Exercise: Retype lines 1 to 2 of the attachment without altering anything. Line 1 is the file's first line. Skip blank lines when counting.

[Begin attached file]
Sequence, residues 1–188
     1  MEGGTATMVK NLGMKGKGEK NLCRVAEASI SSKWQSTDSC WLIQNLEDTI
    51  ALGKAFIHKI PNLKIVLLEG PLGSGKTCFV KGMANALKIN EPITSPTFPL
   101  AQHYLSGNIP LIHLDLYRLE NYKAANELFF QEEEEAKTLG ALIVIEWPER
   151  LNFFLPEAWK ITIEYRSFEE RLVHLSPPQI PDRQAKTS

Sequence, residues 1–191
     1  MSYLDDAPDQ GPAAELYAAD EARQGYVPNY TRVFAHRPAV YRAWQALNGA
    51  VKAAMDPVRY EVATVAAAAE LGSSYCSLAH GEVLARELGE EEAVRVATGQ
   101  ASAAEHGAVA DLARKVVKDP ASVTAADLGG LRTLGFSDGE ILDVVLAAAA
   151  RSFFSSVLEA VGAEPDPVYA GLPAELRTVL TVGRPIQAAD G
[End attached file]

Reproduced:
Sequence, residues 1–188
     1  MEGGTATMVK NLGMKGKGEK NLCRVAEASI SSKWQSTDSC WLIQNLEDTI